CD REVIEW: Sandy Foster - Marooned
By Francesco Emmanuel - 10/29/2005 - 02:39 PM EDT
Artist: Sandy Foster
Marooned is Sandy Foster's third studio album, released June 2005. The last three years has seen the dawn of this latest Edmonton Jazz crooner. Sandy debuted Perplexed, January 2003 which was nominated for Jazz/Blues album of the year (VIBE Awards 2004), her sophomore effort, Orangify was nominated for Jazz/Blues Album (SHAI Awards 2005). From the sound of things, Sandy's music can never be marooned on anyone's shelf for long, it might be a permanent fixture in your CD player though.
Soft, standard jazz formats are accompanied by piano, guitar, upright bass, flute, drums and soprano sax. There are a few slow-paced, comtemplatative piano numbers, along with a couple of swing tunes, there's also three mambo/latin-flavoured pieces. The album opener, 'T'aint what you do,' written by Sly Oliver and James Young, just has that jiving, groovy, finger snapping, feet clicking kinda feeling. The title track that follows suit shuffles along in a mambo vein, Sandy does a great job of adding vocals ever so elegantly. 'Play a song for you, ' a beautiful prayer-like tune for all the children in this world, pauses now and then for Sandy to offer up her musical thoughts.
Her mid-range vocal style has a tone similar to that of Sade and
Norah Jones; soothing, calming the listener (it certainly calmed me!) The duo 'Meet me there' where she's accompanied by vocalist/saxophonist Dave Babcock is laid-back and
sultry. Dave's deep croon allows Sandy's voice to take on a different shape entirely, rather than crowding her out with his vocals and sax playing, the entire song has just enough breathing space to allow all three melody lines to exist interdependantly.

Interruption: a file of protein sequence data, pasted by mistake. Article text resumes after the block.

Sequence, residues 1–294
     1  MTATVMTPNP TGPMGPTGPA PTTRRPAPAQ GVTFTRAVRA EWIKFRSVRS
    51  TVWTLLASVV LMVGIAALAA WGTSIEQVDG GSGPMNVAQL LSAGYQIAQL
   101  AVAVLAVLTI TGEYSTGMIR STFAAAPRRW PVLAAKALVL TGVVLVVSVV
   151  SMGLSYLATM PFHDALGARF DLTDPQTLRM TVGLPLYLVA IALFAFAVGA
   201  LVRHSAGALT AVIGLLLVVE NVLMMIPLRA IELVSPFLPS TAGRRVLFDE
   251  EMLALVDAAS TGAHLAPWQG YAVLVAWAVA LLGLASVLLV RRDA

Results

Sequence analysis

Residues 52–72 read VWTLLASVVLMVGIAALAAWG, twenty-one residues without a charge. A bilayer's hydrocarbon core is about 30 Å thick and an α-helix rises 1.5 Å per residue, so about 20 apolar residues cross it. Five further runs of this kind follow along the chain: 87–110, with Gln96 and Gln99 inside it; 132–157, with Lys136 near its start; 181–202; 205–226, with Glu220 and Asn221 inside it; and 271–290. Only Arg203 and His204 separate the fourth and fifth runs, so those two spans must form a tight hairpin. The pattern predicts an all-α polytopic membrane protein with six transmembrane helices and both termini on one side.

In fact, no instrument overpowers each other, but rather works cohesively to produce this well crafted, subtle jazz piece of art. What is derived here, is the level of maturity each musician brings to the table. It is said that we are only as good as the people we associate ourselves with, in this case, Sandy has just the right talent behind her voice.
Each song has it's own story, which Sandy briefly reveals in the liner notes of the CD jacket. She gives the listener a look into her world, both musically and lyrically.
She is a jazz singer/songwriter, telling tales of her life, her family, her loved ones, joys and sorrows. It is for that matter a rather personal, heartfelt album. It is an album about the very existence of our humanity. It is a positive record of hope.
Sandy draws listeners into her world, but yet tells it in such a way that anyone can relate to her songs. With three albums under her belt, and with critical recognition for her work to date, Sandy's Marooned truly is a lovely, well written and produced, standard jazz album.
[ Current Articles | Archives ]